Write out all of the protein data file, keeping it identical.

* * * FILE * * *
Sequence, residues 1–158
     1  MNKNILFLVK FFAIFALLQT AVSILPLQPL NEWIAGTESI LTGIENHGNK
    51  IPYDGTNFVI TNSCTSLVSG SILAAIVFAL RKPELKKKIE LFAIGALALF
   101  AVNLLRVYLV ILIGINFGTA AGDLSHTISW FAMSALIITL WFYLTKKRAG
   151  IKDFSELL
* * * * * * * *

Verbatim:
Sequence, residues 1–158
     1  MNKNILFLVK FFAIFALLQT AVSILPLQPL NEWIAGTESI LTGIENHGNK
    51  IPYDGTNFVI TNSCTSLVSG SILAAIVFAL RKPELKKKIE LFAIGALALF
   101  AVNLLRVYLV ILIGINFGTA AGDLSHTISW FAMSALIITL WFYLTKKRAG
   151  IKDFSELL